North Korea could test-fire a long-range missile under the guise of a space launch in as little as a couple of weeks, a U.S. government official reportedly said Thursday. The comments were followed by a report from a North Korea-monitoring website that confirmed a range of low-level activities at the reclusive East Asian country’s main long-range rocket launch site.
Commenting on the signs of activity at the Sohae (also called Tongchang-ri) missile launch site in the northwest region of North Korea, an anonymous U.S. official said: “It suggests that there could be a launch within a couple of weeks,” Japan’s Kyodo News reported. “They use the space launch name as a pretext to cover the development of intercontinental ballistic missiles, things that could threaten the United States,” the official added.
U.S. officials cited intelligence that suggested movement of components and propellant at the Sohae facility, according to Reuters. The news agency spoke with an official who voiced concerns about space technology being the same as that needed to develop inter-continental ballistic missiles. Another official told Reuters: “We are keeping a close eye on these activities by the North Koreans. We’re watching 24/7.”
A North Korea-monitoring project at Johns Hopkins University’s School of Advanced International Studies, 38 North, analyzed satellite imagery of the Sohae site. Citing the observed activities at the launch pad, a covered railway station, the VIP housing area, launch control bunker and other areas, 38 North said “a rocket test in the coming week is unlikely.”
However, the monitoring website added that its analysis was restricted by the images, since “the gantry tower work platforms are covered by an environmental cover and are folded forward, obscuring any view of whether a SLV [Satellite Launch Vehicle] is inside or not.” It said that darkness, cloud cover, lack of snow on the launch pad and non-continuous commercial satellite imagery added to the uncertainty, and “Pyongyang may be further along in its preparations.”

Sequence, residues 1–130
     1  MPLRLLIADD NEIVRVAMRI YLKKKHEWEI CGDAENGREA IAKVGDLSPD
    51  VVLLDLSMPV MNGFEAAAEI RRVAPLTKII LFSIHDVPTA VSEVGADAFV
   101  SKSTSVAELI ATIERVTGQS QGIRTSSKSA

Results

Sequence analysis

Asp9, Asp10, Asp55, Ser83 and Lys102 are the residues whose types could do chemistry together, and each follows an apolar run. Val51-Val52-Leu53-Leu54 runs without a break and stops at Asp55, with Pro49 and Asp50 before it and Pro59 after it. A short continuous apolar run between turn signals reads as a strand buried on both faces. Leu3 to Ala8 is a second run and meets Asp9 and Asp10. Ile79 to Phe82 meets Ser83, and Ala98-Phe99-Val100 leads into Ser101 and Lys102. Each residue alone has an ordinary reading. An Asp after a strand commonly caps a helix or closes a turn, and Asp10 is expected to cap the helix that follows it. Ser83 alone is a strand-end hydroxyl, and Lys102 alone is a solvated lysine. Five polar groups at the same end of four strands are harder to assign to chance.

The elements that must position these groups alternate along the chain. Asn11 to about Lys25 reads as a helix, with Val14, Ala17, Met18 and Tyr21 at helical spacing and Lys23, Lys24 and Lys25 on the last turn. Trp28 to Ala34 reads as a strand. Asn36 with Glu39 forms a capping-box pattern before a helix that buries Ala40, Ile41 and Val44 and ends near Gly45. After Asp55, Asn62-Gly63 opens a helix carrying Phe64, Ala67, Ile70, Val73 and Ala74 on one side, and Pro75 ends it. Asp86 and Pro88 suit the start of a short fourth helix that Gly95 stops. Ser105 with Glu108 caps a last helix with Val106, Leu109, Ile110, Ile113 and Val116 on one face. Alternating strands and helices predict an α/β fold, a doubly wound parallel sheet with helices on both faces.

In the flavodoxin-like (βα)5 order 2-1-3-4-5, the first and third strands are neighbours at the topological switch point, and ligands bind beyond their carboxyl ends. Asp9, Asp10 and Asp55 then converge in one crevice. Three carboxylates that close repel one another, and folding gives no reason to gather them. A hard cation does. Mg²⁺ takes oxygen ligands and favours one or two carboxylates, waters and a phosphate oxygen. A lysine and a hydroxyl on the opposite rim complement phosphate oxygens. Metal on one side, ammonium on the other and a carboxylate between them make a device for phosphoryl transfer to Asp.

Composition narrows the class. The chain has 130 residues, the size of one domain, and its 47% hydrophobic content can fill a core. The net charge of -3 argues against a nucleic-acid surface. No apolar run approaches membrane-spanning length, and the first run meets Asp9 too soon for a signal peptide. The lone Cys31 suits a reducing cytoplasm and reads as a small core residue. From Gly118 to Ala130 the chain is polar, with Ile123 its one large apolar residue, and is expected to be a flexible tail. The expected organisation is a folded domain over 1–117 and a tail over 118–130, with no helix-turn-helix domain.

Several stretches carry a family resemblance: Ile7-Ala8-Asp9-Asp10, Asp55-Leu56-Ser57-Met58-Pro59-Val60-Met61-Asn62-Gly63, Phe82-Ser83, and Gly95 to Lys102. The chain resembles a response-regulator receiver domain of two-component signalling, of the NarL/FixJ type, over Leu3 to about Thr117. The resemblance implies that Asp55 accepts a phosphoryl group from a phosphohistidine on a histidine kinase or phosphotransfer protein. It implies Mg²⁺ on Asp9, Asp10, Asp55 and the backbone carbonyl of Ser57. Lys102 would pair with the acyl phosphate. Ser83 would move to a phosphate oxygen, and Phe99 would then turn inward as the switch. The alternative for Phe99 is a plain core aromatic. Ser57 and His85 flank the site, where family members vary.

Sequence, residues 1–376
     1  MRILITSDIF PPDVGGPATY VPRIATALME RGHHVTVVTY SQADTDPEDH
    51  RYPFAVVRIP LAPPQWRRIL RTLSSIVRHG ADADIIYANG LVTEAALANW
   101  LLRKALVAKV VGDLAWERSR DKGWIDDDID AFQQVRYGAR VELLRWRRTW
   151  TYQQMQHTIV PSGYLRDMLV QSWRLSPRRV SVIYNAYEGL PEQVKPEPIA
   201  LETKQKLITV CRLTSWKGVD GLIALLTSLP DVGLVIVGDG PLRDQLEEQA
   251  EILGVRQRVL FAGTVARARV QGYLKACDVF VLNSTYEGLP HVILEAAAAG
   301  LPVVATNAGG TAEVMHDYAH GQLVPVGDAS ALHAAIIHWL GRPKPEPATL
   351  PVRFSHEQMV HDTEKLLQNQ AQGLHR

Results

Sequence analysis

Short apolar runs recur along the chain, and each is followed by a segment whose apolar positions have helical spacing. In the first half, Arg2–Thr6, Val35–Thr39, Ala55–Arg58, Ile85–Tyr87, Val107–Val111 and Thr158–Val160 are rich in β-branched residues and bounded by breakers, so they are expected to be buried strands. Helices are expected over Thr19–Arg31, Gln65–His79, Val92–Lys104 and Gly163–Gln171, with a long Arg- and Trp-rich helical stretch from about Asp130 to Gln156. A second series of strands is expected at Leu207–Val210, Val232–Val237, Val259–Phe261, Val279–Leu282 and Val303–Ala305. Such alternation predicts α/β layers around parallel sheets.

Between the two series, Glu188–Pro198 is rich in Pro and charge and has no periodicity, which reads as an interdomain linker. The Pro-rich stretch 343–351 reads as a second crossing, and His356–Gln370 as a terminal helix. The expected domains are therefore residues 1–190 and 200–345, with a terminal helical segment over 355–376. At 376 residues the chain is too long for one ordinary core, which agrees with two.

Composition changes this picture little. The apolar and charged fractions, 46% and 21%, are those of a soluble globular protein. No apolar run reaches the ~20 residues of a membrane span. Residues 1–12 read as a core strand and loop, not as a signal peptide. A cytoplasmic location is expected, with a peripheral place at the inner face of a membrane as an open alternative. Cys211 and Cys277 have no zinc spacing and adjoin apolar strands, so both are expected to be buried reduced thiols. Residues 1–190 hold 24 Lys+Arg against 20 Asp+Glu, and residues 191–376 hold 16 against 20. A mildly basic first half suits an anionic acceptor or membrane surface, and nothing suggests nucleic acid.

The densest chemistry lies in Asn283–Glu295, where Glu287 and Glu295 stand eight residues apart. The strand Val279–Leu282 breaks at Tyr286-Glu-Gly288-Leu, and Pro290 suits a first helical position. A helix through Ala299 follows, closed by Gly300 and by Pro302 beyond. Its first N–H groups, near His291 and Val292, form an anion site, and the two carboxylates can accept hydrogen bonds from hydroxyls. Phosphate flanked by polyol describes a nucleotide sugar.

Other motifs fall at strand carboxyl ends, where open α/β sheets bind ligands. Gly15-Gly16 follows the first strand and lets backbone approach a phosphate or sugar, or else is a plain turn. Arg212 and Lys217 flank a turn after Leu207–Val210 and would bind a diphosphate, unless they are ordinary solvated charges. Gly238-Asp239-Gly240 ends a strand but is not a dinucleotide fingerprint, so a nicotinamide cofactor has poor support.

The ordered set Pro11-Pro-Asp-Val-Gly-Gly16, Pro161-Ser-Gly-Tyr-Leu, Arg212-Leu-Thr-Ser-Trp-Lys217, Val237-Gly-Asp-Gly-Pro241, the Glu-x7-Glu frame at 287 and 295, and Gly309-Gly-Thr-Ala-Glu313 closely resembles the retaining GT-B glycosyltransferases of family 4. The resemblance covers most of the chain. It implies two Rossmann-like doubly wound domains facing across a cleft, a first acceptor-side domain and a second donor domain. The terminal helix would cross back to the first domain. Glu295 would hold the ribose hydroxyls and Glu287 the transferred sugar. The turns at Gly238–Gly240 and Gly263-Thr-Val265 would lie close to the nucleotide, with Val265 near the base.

“If North Korea follows previous pre-launch preparation practices, we would expect to see in the coming days increased site-wide activity, traffic at the fuel/oxidizer storage bunkers, activity at the launch pad and the presence of tracking equipment,” 38 North said, adding: “A more likely alternative is that an engine test is being prepared.”
The impoverished nation, ruled by Kim Jong Un, has conducted a series of test launches over the years, the last being a successful test in 2012, South Korea's Yonhap News Agency reported.
Kim Min-seok, a spokesman for the South Korean Defense Ministry, declined to comment on possible pre-launch activities by North Korea, Reuters reported. He added that North Korea had not issued any warning about potential launch, something the country has always done prior to its earlier launches.
U.S. Navy Admiral Harry Harris, commander of U.S. Pacific Command, said earlier that he might consider changing an Aegis missile defense test site in Hawaii into a combat-ready facility so that the U.S. could better protect itself from ballistic missile attacks, according to a report by RT.